One thing you don’t realize when you watch the Grammys on TV is just how huge the arena is — I mean, it’s a sports arena. Nominees (who number 400-500) get two free tickets each, and the option to buy up to four more. But I’m not sure how everyone else gets their paws on them.
In any case, one doesn’t feel quite so glamorous or special in one’s fancy threads when one is surrounded by literally thousands of other men and women who are equally gussied up for the show. And the fact that it’s in a sports arena selling hot pretzels and fountain sodas makes it feel a little like a prom — you get all fancied up and give each other corsages and boutonnieres and take lots of nice pictures in your parents’ yard and then you all go to…your high school gym. And there are Doritos and cans of Sprite.
The after party, however, was pretty glam. We, the unwashed evening-gowned masses, spent a half hour being herded through more tent tunnels and then metal detectors into the convention center. The party was in a huge room where there were a half dozen buffet stations and bars and various tableaux vivants (I’ve always wanted to use that term) of actors in 1920s garb, plus some people doing really cool trampoline and aerial acrobatics here and there. (The whole scene reminded me of that Faerie Club in True Blood, but with less skin.)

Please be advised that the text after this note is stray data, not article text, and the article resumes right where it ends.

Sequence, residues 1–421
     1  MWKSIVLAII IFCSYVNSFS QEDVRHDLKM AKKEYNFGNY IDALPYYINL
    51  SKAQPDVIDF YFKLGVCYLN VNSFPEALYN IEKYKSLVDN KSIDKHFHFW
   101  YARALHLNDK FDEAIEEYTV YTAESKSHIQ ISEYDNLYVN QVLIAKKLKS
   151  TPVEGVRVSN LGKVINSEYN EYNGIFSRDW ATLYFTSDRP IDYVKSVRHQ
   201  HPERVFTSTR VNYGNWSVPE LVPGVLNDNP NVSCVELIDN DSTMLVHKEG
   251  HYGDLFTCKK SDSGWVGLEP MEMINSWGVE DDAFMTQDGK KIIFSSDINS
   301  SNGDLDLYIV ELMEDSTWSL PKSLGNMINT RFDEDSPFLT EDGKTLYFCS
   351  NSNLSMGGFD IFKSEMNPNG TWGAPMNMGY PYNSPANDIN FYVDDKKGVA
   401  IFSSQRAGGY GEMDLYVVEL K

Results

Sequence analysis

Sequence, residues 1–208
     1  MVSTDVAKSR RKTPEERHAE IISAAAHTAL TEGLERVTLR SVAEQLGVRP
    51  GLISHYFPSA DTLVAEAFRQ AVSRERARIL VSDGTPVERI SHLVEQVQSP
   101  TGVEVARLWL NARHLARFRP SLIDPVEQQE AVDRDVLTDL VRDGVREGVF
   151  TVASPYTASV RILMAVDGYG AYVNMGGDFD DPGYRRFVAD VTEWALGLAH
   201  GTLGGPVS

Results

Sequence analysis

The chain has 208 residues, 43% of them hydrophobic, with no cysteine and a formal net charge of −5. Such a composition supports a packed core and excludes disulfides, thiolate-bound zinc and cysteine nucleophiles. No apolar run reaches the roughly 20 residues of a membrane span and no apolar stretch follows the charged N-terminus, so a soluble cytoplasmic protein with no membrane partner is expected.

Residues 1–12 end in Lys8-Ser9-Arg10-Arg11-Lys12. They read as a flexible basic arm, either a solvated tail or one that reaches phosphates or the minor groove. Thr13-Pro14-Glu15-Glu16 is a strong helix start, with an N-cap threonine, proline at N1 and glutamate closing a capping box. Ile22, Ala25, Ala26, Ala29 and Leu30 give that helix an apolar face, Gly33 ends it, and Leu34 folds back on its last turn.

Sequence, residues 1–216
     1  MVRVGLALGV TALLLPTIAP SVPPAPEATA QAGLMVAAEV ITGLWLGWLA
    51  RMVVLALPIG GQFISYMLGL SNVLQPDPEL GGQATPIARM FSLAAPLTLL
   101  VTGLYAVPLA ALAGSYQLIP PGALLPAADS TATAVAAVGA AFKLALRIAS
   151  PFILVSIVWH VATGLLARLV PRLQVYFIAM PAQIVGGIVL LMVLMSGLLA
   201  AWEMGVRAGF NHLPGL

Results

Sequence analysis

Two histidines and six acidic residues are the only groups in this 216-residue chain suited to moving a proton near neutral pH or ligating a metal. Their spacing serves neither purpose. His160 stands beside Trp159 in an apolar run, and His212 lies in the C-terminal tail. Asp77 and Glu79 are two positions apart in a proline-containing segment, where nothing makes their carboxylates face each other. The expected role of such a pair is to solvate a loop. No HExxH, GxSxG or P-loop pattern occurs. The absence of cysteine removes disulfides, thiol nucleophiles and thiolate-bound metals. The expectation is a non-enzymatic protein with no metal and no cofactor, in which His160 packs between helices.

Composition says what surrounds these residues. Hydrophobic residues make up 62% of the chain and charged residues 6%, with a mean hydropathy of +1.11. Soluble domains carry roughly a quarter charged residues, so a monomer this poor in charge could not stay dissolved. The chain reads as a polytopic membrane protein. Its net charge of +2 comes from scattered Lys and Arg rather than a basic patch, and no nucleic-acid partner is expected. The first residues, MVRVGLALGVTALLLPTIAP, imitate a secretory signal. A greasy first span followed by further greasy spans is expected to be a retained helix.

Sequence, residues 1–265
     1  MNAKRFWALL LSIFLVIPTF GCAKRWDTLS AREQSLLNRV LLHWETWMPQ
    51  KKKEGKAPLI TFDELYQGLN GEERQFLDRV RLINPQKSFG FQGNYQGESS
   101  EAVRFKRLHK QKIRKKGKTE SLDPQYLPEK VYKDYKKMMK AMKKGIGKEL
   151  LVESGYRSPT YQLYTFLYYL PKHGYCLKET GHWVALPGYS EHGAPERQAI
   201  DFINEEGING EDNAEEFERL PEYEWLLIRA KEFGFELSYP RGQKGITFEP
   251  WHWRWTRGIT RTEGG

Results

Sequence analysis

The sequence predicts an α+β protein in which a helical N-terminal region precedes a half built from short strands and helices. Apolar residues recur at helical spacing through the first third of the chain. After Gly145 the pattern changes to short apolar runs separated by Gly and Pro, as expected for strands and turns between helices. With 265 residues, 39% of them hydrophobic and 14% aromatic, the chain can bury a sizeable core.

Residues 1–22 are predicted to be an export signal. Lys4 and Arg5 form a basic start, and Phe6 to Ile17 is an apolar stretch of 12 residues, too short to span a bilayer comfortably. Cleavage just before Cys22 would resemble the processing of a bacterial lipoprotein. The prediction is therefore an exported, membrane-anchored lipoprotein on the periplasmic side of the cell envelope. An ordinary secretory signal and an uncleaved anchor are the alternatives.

Meanwhile, Ciara — a famous person whose music I don’t know from Charro’s — was playing loudly on the Degree Deodorant(™) Stage. Way to ruin the faerie glamor, dumb corporate sponsors.
There was also the MasterCard (™) Jazz lounge, in a different room, where we saw Big Bad Voodoo Daddy play. I hope Quentin Tarantino was turned away from there too. Heh.
Anyway, I have no pictures of all this, sadly, because my phone was dead.
On our way out we picked up our gift bags. Which contained….drumroll please….a compilation CD of a bunch of the nominees, and like 15 packs of some new Wrigley’s gum. Ah, yes, the fabled schwag bag of the awards show. Somehow I’m guessing Katy Perry and Kendrick Lamar and their ilk got something slightly better at whatever cool parties they were at. But hey. I like gum.
So there you have it. Our GRAMMY(™) experience. Pretty wild, pretty fun, pretty overwhelming.
The next morning, we took a drive along the coast, from Santa Monica to Venice Beach, before heading to the airport. We felt like being that close to the ocean and not even catching a glimpse would have been sinful. It was a beautiful day, too — sunny, in the 70s.
It was about 20 degrees and extremely dark when we got home. Sigh.
And I felt extremely dark for a few days after our return, because this is what happens to me with transitions these days, especially where changes in time zones / weather patterns are concerned. Didn’t used to be the case, but I think it’s a by-product of my bipolar-ness. The ole brain just gets jarred by disconnects. (And the champagne I shouldn’t have been drinking surely didn’t help either.) But I’m back in the saddle now.
As is Alastair — who is happily back to working on his next album. Who knows if it will get anywhere near the attention and acclaim this one did. But I know for a fact it’s going to be good. Which is what matters.
Thanks for coming along for the ride, everybody. Now, back to real life.